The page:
Table of Contents

## How to create a multiplicative abelian group in Sage?

To construct this Abelian group in Sage, you can either specify all entries of →k or only the non-zero entries together with the total number of generators: It is also legal to specify 1 as the order. The corresponding generator will be the neutral element, but it will still take up an index in the labelling of the generators:

## How to use Gens _ orders in abelian groups?

You should now use gens_orders () instead: Background on invariant factors and the Smith normal form (according to section 4.1 of [C1]): An abelian group is a group A for which there exists an exact sequence Zk → Zℓ → A → 1 , for some positive integers k, ℓ with k ≤ ℓ. For example, a finite abelian group has a decomposition

## Which is the underlying representation of an abelian group?

An Abelian group uses a multiplicative representation of elements, but the underlying representation is lists of integer exponents: [C1] H. Cohen Advanced topics in computational number theory, Springer, 2000. [C2] —-, A course in computational algebraic number theory, Springer, 1996.

## Which is the matrix of a multiplicative abelian group?

The matrix of relations M: Zk → Zℓ is the matrix whose rows generate the kernel of ϕ as a Z -module. In other words, M = (Mij) is a ℓ × ℓ diagonal matrix with Mii = pcii. Consider now the subgroup B ⊂ A generated by b1 = af1, 11… afℓ, 1ℓ, …, bm = af1, m1… afℓ, mℓ .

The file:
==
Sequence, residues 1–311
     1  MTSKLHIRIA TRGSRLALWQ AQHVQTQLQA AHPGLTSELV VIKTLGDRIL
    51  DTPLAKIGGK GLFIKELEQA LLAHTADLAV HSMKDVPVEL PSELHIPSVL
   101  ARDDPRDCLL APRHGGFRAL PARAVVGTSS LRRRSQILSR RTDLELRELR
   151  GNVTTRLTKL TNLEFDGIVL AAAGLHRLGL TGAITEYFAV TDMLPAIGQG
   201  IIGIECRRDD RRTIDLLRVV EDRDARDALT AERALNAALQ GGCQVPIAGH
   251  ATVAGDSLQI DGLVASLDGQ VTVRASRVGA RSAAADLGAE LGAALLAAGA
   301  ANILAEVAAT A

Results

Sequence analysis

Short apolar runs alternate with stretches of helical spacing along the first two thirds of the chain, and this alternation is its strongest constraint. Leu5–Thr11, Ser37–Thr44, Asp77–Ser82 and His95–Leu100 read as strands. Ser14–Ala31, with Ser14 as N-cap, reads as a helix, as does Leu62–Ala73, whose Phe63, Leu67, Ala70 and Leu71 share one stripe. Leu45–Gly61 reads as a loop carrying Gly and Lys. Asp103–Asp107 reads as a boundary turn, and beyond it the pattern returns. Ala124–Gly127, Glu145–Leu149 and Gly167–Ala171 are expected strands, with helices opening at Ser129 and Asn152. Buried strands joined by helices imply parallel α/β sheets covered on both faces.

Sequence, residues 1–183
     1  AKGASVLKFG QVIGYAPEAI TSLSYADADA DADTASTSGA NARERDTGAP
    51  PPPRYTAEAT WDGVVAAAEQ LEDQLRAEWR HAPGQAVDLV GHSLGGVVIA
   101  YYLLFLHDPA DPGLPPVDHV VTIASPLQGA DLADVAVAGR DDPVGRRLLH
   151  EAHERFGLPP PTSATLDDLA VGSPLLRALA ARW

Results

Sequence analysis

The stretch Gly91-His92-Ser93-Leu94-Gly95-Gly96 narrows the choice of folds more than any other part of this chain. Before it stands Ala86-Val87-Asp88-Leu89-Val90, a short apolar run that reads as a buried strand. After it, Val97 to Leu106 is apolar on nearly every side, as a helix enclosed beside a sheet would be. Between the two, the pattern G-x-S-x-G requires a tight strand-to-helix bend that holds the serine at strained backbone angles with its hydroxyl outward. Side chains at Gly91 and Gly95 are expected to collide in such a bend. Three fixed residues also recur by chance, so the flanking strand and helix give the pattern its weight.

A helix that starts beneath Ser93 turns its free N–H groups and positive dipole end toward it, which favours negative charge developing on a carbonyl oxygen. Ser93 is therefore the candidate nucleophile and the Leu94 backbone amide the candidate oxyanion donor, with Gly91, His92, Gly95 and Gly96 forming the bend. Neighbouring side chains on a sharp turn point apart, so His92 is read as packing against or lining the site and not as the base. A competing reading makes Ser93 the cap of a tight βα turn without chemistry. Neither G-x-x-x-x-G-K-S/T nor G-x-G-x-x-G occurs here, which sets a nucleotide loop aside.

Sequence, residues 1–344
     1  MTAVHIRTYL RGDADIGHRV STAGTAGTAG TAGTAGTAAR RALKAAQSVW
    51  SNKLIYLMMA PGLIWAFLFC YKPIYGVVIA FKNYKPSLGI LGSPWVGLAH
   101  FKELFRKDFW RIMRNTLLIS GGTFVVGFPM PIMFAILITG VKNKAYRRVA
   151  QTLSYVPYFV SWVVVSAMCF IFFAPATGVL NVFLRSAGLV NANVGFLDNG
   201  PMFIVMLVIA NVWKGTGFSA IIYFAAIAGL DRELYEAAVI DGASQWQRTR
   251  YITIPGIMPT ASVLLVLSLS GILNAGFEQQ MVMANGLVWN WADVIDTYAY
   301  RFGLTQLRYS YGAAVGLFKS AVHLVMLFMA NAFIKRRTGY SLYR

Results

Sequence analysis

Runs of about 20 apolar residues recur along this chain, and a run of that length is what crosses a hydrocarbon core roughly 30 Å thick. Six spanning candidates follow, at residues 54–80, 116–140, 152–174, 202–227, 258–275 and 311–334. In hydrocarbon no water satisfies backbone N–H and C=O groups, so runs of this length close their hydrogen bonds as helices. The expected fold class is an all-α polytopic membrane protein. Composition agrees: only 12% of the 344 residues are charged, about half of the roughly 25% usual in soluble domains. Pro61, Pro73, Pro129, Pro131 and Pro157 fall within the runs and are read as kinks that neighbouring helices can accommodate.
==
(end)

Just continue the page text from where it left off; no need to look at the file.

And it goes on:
## Which is not unique in a multiplicative abelian group?

Note that this presentation is not unique, for example Z6 ≅ Z2 × Z3. The orders of the generators →k = (0, …, 0, k1, …, kt) has previously been called invariants in Sage, even though they are not necessarily the (unique) invariant factors of the group.

## Which is an abelian group under the addition operation?

Thus the integers, , form an abelian group under addition, as do the integers modulo , /. Every ring is an abelian group with respect to its addition operation. In a commutative ring the invertible elements, or units, form an abelian multiplicative group.

## Which is an isomorphic group to an abelian group?

Any group of prime order is isomorphic to a cyclic group and therefore abelian. Any group whose order is a square of a prime number is abelian. In fact, for every prime number p there are (up to isomorphism) exactly two groups of order p 2, namely Z p 2 and Z p×Z p.